Kentucky is the ultimate tournament wild card. A team that has a lot of individual NBA-quality talent, they haven’t quite figured out how to play together as a team, and quite possibly never will since at least half of them won’t be back. Julius Randle is the obvious player to watch, with a potential sweet 16 matchup with Montrezl Harrell that I’ll be watching with my hand hovering over the rewind button on my DVR remote. Willie Cauley-Stein is a guy that has shown flashes of being a really good rim protector with a limited offensive game, but still seems unlikely to be a Sixer since they already have a better Kentucky rim protector with a limited offensive game. I love James Young no matter how many shots he misses despite ostensibly being a good shooter. The Harrison twins should probably both stay in school, because that would be the first good decision I’ve seen either of them make all season. Alex Poythress is another interesting prospect, but he’ll probably return to school assuming John Calipari doesn’t revoke his scholarship for being a junior at Kentucky, which is two years past their legal limit.
Louisville features the aforementioned MONTREZL DUNK MACHINE as well as Russ Smith, one of my favorite collegiate players to watch that I hope can carve out a career in the NBA as a bench energy guard that will drive everyone nuts, most notably his own fanbase. The ideal matchup for me would be if NC State can win their play-in, then upset Saint Louis to set up an interesting matchup of MONTREZL against T.J. Warren, an oft-forgotten mid-first round prospect who can score efficiently that I’m interested to see more of.
Michigan is a team that I highlighted coming into the season because of then-lottery prospects Mitch McGary and Glenn Robinson. NAILED IT. Since then, McGary was lost for the season to injury, and Robinson has seen his stock take a nose dive directly into the 2nd round without passing go or collecting a guaranteed $200 after a disappointing season. I neglected to mention the man who has turned out to be Michigan’s guiding light in Nik Stauskas, a lights-out shooter who could be picked anywhere from 11-20. Michigan can set up an interesting Sweet 16 match with two very winnable games. Also, just saying, I may have thrown a few dollars on Michigan to win the tournament last time I was in Vegas, and I’d really like to cash that ticket to have some extra spending money during my Vegas Summer League excursion. Pray for me.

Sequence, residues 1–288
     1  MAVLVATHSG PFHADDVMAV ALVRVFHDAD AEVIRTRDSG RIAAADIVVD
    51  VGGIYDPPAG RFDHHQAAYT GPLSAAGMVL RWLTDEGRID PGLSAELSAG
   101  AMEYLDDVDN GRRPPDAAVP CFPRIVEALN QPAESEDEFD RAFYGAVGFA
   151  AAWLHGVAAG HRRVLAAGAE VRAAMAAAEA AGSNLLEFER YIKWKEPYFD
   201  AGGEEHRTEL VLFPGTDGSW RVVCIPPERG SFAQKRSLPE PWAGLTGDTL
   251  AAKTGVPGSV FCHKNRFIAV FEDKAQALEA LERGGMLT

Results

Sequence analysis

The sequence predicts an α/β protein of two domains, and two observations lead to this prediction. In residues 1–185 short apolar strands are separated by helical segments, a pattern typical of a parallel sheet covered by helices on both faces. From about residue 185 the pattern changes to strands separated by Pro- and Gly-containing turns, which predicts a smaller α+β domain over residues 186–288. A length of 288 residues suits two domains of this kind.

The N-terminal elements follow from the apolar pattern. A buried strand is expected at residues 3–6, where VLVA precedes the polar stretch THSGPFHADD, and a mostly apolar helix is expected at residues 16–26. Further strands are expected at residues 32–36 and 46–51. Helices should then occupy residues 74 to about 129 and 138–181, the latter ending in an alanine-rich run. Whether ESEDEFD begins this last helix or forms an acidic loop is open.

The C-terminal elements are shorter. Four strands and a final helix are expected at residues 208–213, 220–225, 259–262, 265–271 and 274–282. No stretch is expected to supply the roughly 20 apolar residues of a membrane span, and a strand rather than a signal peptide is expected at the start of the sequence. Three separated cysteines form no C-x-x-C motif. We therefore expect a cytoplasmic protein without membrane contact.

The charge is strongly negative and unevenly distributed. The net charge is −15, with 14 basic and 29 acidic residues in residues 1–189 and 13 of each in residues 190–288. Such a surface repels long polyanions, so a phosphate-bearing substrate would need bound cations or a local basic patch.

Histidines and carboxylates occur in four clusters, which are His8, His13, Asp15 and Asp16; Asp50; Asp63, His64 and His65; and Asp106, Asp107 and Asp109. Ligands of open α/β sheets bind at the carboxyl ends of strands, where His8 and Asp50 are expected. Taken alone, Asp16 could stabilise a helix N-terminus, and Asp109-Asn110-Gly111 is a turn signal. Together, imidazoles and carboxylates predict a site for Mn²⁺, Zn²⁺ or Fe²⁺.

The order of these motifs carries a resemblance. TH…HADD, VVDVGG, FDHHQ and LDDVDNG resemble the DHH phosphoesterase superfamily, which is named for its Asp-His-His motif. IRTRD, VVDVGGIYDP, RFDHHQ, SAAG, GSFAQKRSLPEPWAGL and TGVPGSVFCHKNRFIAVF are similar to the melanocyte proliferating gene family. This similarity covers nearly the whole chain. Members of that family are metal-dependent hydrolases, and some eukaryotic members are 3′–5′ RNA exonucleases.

That interesting Sweet 16 matchup I was talking about would be with Duke, a team with top pick candidate Jabari Parker and lottery candidate Rodney Hood. The most interesting thing to me with Duke is defense, defense, and defense. I already know Parker and Hood can score among the best of them. But thus far, they certainly haven’t stopped the best of them. I’d like to see them play against talented scorers and athletic scorers, which they could potentially draw with matchups against Michigan (Stauskas) and Kentucky (Randle and Young).
First Round Game to Watch
Kentucky vs Kansas State: Friday, 9:40, CBS
If I had to pick my ideal final four, I’ve said for months it would be Kansas, Duke, Kentucky, and Australia. However, dictatorial NCAA rules say that the country of Australia is not actually a college, and thus can’t field a team in the NCAA tournament. So, no Dante Exum. YOUR LOSS, NCAA.
With this bracket as constructed, the optimal final four for scouting purposes is Kansas, Michigan State, Arizona, and Duke.
Michigan State vs Kansas would be a very intriguing matchup of Andrew Wiggins vs Gary Harris that actively excites me to watch just talking about it. Arizona vs Duke would be a rematch from earlier in the season that I’d love to see to measure the growth of Aaron Gordon and Jabari Parker from November 30th to April 5th.
And then Kansas vs Duke is the natural poetic conclusion to this season. It comes down to Wiggins vs Parker because it should always come down to Wiggins vs Parker. But this isn’t ParkerWatch, it’s WigginsWatch. Kansas wins it all when Wiggins scores 35 in the title game and Embiid has seven blocks while doing a series of handspring backflips to show how healthy he is.
So that’s it. That’s the ideal tournament if your goal is future-Sixer watching and nothing else. If your primary interest lies in many shining moments over the next decade rather than just one, this is the bracket for you to root for.
The real season has begun. Enjoy, everybody.